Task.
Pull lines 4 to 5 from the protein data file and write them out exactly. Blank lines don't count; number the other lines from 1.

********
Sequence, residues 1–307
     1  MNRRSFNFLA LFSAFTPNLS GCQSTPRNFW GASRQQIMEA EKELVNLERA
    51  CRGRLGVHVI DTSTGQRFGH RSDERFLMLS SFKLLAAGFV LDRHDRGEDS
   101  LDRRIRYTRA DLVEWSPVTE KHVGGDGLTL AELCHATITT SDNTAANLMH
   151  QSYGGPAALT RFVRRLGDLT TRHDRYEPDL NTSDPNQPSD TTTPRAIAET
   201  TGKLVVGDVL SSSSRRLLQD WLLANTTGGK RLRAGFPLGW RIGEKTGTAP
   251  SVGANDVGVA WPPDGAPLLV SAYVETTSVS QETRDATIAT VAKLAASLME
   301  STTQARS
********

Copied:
   101  LDRRIRYTRA DLVEWSPVTE KHVGGDGLTL AELCHATITT SDNTAANLMH
   151  QSYGGPAALT RFVRRLGDLT TRHDRYEPDL NTSDPNQPSD TTTPRAIAET